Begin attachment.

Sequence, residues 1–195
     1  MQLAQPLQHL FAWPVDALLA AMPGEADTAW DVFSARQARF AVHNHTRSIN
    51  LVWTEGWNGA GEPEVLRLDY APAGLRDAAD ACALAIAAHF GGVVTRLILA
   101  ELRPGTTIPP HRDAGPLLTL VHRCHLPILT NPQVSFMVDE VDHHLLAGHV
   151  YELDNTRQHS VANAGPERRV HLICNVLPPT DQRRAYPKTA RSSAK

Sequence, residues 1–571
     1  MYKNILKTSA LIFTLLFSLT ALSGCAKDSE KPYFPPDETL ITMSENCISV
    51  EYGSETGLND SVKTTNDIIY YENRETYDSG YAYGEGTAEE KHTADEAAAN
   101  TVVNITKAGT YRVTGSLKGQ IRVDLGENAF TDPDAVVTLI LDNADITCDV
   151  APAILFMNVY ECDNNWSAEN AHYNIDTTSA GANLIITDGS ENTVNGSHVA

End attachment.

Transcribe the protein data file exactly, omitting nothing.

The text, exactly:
Sequence, residues 1–195
     1  MQLAQPLQHL FAWPVDALLA AMPGEADTAW DVFSARQARF AVHNHTRSIN
    51  LVWTEGWNGA GEPEVLRLDY APAGLRDAAD ACALAIAAHF GGVVTRLILA
   101  ELRPGTTIPP HRDAGPLLTL VHRCHLPILT NPQVSFMVDE VDHHLLAGHV
   151  YELDNTRQHS VANAGPERRV HLICNVLPPT DQRRAYPKTA RSSAK

Sequence, residues 1–571
     1  MYKNILKTSA LIFTLLFSLT ALSGCAKDSE KPYFPPDETL ITMSENCISV
    51  EYGSETGLND SVKTTNDIIY YENRETYDSG YAYGEGTAEE KHTADEAAAN
   101  TVVNITKAGT YRVTGSLKGQ IRVDLGENAF TDPDAVVTLI LDNADITCDV
   151  APAILFMNVY ECDNNWSAEN AHYNIDTTSA GANLIITDGS ENTVNGSHVA